Edit ModuleShow Tags

Don't wait for Labor to come knocking

The first question that employers ask when they find out that they will be investigated by the U.S. Department of Labor Wage and Hour Division (WHD) is, “Why me?”

The answer is fairly straightforward. The majority of Wage and Hour investigations are initiated as a result of a complaint. Almost all of the complaints come from current or former employees of a company.

When an employee calls the Wage and Hour office with a complaint their information is recorded and analyzed to determine whether or not it is likely that the employer is violating one of the labor laws enforced by the agency. If the agency believes that the violation is affecting more than just the person who filed the complaint they will initiate an investigation of the entire company.

They will not reveal who filed the initial complaint or even that a complaint was filed. The identity of the person who complained will remain confidential throughout the entire process.

A growing minority of investigations are initiated through industry wide investigations. Each year the WHD develops strategic plans that target certain industries on national, regional, and local levels.

They try to target industries that they believe are committing widespread violations. For example, last year the Denver District office targeted daycare facilities, greenhouses, and nurseries along the Front Range of Colorado and restaurants in Aspen. These investigations are not initiated through the complaint process but rather specifically chosen because the WHD believes the industry as a whole is at risk for violations.

Don’t wait for the WHD to come knocking at your door. An offensive strategy of reviewing your employment and pay practices on a regular basis is the best way to stay ahead of the game and out of trouble.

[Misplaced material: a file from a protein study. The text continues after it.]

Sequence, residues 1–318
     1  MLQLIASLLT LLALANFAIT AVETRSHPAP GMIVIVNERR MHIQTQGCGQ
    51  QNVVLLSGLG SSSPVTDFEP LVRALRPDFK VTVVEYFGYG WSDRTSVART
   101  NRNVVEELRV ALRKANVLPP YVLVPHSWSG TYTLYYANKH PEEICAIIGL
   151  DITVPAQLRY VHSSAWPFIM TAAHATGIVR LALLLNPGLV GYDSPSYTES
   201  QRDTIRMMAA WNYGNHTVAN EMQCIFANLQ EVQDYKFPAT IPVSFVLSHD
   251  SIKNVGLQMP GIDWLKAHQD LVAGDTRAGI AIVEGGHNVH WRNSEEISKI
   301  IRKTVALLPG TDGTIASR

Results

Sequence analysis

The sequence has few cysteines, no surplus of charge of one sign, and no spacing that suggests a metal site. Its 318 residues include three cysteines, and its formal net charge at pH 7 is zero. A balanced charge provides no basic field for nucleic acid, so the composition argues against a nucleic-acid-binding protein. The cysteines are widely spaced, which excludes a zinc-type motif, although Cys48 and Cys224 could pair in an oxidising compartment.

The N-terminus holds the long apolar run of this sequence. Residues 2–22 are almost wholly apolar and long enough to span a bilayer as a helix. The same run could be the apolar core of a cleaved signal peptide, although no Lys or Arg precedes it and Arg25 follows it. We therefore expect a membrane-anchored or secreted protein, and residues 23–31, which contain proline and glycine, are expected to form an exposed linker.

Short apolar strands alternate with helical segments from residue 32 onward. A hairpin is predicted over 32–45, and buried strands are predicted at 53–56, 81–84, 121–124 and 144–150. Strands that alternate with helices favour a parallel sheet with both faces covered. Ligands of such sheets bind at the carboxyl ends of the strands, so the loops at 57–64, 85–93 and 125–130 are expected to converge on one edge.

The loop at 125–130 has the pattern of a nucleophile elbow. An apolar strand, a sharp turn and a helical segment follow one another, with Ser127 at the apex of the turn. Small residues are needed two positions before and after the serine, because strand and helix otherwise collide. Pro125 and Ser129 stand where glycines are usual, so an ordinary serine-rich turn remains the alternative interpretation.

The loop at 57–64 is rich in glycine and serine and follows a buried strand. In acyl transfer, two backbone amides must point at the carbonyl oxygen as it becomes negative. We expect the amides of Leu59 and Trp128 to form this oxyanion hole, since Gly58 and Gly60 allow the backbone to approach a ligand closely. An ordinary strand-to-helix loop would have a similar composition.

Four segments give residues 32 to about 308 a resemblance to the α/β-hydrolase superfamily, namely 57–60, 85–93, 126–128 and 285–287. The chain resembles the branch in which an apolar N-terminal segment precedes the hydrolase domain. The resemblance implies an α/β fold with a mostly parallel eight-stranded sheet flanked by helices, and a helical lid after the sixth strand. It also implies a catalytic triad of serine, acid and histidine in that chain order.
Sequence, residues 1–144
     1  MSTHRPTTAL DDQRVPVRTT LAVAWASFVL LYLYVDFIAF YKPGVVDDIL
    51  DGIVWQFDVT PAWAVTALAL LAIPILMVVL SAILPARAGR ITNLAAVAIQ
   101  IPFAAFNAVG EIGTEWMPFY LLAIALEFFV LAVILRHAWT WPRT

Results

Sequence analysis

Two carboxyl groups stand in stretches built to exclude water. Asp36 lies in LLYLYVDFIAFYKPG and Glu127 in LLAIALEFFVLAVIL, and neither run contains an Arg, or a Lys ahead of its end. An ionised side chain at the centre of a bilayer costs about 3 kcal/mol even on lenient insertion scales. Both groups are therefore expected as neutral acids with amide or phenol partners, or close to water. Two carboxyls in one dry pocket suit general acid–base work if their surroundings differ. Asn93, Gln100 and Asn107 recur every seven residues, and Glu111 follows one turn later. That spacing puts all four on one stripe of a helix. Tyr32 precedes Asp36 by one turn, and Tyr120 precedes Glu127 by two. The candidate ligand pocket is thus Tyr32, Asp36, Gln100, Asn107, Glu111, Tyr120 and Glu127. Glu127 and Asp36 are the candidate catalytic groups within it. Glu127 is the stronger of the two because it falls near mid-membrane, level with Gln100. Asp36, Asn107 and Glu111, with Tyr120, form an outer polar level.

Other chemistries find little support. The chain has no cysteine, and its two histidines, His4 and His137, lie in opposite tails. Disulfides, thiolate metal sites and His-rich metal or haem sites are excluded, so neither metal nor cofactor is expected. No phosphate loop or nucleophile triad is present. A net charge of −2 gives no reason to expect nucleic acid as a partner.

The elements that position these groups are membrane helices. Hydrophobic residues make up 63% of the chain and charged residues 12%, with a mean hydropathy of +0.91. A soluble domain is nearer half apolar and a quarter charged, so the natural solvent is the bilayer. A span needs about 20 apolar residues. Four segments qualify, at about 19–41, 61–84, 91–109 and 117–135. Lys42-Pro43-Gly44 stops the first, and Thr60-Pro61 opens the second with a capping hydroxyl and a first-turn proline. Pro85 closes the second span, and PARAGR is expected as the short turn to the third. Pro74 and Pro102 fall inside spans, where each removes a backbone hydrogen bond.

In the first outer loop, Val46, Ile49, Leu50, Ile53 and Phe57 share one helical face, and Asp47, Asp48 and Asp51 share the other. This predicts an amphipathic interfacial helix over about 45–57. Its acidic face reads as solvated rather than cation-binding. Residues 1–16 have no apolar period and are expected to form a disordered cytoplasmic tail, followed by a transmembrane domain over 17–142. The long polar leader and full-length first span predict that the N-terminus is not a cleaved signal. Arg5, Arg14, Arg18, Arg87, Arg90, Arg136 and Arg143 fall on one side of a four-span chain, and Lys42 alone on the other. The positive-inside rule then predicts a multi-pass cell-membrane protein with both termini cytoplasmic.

Edit Module
Kalen Fraser

Kalen Fraser is the President/CEO of The Labor Brain Inc., a labor law consulting firm located in Fort Collins.  Ms. Fraser worked in the U.S. Department of Labor and conducted investigations on hundreds of companies to determine their compliance with federal labor laws including the Fair Labor Standards Act, Davis-Bacon Act, Service Contract Act, Family Medical Leave Act and the H2A and H2B guest worker programs.  She created The Labor Brain to respond to a growing need in the business community for expert guidance on how labor laws are enforced. She can be reached at kalen@laborbrain.com. More information on the The Labor Brain is available at www.laborbrain.com.

Get more of our current issue | Subscribe to the magazine | Get our Free e-newsletter

Edit ModuleShow Tags

Archive »Related Articles

Why do so many millennials live in their parents' basement?

As a result of watching the value of their parents’ home drop drastically during the 2008-2009 housing bubble, Millennials have grown wary of homeownership.

The woman behind Denver's community workspace movement

Before Ellen Winkler made a name for herself in Denver, shaping work spaces, she started her career on construction sites in New York City.

Thinking of working for a founder? Read this first!

The founder — someone who birthed several companies but never got any of them to profitability — has turned from “The Creative One” (he developed the first product) to “The Critical One,” now more boat anchor than cheerleader.
Edit ModuleShow Tags

Thanks for contributing to our community-- please keep your comments in good taste and appropriate for our business professional readers.

Add your comment: